They're sharp-minded, energetic and highly focused and they're part
of a generation which sees personal fulfilment as at least of equal
importance to a high-flying career, if not more so.
They're Campaign's Faces to Watch for 2002 and they are a real headache
for the agencies, media independents and film production companies that
They've got talent in spades as well as an interest in and an ability to
think well beyond their core disciplines. And that's the problem. Faces
to Watch have aspirations that communications companies are finding
increasingly difficult to satisfy, but will have to do so if the
industry is to hang on to its brightest stars.
Society has changed and, in common with many other industries, adland is
feeling its impact. Ad agencies have never provided jobs for life but
young people entering the business a few years ago usually expected
their working lives to be spent in it.
No longer. Bright young stars are as likely to seek a new challenge not
just by switching agencies but by a complete change of lifestyle and
"Young people coming into the business now may take time out to go
travelling in Patagonia, come home and train to be teachers," Grant
Duncan, the Publicis managing director, says. "They have a different
take on the quality of life which is hard to argue against."
The upshot of all this is that agencies will have to be more flexible
and accommodating to the best young talent. Publicis is holding open a
job for one of its bright new suits while he studies for an MBA and is
giving first refusal on a job to an excellent young account manager when
she returns from seeing the world.
It's a trend that's been fuelled partly by the economic prosperity which
has allowed young people to take career breaks safe in the knowledge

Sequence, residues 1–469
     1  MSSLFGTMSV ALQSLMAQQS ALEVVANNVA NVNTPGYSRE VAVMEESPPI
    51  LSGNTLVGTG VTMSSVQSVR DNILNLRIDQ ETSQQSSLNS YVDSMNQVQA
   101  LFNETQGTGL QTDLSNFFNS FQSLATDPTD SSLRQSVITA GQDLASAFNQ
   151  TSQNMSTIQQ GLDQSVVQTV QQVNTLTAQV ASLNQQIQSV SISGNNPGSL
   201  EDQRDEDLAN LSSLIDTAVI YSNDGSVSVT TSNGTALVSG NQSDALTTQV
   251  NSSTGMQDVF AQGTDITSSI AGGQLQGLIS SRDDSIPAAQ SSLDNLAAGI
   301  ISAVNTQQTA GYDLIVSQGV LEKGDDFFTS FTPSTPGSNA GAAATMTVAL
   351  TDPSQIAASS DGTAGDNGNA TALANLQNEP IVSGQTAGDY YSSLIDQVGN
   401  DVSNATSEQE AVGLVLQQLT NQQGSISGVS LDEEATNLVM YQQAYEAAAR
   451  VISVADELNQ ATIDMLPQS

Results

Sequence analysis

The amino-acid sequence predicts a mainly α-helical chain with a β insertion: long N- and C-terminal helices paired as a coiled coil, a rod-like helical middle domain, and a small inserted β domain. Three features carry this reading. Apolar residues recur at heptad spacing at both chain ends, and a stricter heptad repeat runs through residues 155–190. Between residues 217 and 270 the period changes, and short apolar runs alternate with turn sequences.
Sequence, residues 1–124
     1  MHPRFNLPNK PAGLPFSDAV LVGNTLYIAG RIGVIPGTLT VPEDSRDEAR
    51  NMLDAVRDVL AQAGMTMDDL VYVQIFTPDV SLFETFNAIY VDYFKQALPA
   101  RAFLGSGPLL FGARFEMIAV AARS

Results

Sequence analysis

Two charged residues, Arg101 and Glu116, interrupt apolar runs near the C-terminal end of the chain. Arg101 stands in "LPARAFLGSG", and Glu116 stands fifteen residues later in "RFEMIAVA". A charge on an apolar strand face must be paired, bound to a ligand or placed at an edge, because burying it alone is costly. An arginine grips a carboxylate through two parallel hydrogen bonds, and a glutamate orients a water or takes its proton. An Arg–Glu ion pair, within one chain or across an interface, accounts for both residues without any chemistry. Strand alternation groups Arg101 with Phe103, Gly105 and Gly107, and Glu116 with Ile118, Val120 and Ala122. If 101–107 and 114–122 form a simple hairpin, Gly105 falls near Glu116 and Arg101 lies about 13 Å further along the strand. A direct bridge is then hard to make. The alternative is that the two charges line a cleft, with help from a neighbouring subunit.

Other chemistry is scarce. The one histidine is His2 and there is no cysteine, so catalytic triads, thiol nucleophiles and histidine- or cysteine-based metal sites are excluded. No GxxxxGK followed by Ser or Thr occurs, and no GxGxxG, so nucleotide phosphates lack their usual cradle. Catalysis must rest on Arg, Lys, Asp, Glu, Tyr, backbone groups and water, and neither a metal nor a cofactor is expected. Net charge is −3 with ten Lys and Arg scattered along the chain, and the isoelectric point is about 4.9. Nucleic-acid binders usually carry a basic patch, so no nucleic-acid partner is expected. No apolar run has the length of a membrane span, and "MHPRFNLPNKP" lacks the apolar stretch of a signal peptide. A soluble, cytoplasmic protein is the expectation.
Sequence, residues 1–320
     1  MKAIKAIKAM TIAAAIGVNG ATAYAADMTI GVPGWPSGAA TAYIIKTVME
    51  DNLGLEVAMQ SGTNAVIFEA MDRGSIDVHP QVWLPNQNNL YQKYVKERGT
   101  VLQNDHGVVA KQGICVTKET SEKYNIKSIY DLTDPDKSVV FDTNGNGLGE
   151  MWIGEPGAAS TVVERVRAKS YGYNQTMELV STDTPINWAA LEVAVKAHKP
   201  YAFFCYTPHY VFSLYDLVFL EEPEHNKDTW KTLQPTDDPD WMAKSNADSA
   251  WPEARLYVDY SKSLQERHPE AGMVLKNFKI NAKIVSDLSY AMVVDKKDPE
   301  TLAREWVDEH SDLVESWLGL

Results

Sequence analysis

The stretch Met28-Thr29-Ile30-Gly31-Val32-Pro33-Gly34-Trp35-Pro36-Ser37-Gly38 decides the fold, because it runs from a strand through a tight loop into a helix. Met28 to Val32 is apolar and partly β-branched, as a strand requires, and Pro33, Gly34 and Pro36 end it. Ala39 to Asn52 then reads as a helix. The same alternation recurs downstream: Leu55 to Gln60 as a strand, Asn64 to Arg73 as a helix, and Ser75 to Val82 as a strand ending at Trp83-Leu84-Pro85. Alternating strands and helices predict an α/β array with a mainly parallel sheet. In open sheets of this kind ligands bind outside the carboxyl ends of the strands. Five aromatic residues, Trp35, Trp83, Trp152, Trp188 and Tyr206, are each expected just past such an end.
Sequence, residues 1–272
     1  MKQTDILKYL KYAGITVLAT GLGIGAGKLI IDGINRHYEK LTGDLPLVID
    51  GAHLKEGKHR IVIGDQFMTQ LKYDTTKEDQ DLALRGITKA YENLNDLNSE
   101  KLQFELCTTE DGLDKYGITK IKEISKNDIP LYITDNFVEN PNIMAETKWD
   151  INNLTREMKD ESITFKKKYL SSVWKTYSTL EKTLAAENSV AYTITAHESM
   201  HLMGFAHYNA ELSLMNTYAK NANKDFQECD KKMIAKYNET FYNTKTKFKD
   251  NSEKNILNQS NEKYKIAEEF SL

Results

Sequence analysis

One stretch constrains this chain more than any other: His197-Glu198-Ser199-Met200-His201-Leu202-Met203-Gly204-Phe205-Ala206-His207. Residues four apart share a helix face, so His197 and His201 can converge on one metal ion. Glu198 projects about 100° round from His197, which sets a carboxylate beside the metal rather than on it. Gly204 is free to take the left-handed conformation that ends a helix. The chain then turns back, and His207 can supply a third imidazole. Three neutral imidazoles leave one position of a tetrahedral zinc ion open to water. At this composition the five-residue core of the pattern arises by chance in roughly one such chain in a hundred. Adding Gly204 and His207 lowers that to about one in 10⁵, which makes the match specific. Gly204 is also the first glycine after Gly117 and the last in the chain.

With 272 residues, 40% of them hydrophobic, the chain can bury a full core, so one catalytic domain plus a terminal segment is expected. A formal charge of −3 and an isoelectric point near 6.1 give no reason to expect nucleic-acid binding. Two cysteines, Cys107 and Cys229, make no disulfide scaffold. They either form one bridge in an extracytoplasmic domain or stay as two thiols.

that there will be a job for them on their return and partly by more
"Young people still enter the business rosy-eyed but sometimes change
once inside," Belinda Kent-Lemon, an ad industry human resources expert,
Here then are Campaign's latest tips for the top. May the industry
cherish them and their kind. Because they hold its future in their
1. JANE LINGHAM 25
Lingham wrote a Grand Prix-winning entry for Transport for London at the
Account Planning Group awards this year - not bad for a 25-year-old with
just three years' experience under her belt. Partners BDDH is her first
agency, but she's been tipped for a planning director role within the
next five years. Lingham joined straight from gaining a marketing degree
at Lancaster University and her boss, Nigel Long, claims she knew she
wanted to be a planner from the age of 16. "She's interested in
psychology and what makes consumers tick," he says.
2. MICHAEL PRING 29
Miles Calcraft Briginshaw Duffy
Pring joined MCBD in June from D'Arcy, where he started as a graduate
trainee and was soon picked for a fast-track development scheme at the
network. Since arriving at MCBD, he's worked on Benecol and Thorntons
and played a key role in securing the agency's place on the COI
Communications roster. The chief executive, Jeremy Miles, says he is
"phenomenally bright, and obsessed with getting the best creative
3. SAMEER MODHA 27
J. Walter Thompson
Modha has a rare ability to help creative people deliver great work,
JWT's planning director, Marco Rimini, says, but he is as comfortable
working in the statistical and effectiveness arena too. A product of the
WPP fast-track grad scheme, Modha did a year's stint at The Henley